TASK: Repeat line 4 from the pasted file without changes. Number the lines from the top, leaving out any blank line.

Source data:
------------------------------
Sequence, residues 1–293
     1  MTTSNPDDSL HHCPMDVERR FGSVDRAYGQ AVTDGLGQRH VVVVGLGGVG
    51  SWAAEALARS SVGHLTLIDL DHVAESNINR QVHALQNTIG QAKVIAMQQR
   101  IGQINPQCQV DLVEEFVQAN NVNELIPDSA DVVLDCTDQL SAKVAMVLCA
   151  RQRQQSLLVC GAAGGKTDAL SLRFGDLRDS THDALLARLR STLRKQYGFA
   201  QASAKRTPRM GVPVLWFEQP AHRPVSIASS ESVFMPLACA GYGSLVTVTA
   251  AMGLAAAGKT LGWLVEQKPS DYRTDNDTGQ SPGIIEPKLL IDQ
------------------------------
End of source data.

   101  IGQINPQCQV DLVEEFVQAN NVNELIPDSA DVVLDCTDQL SAKVAMVLCA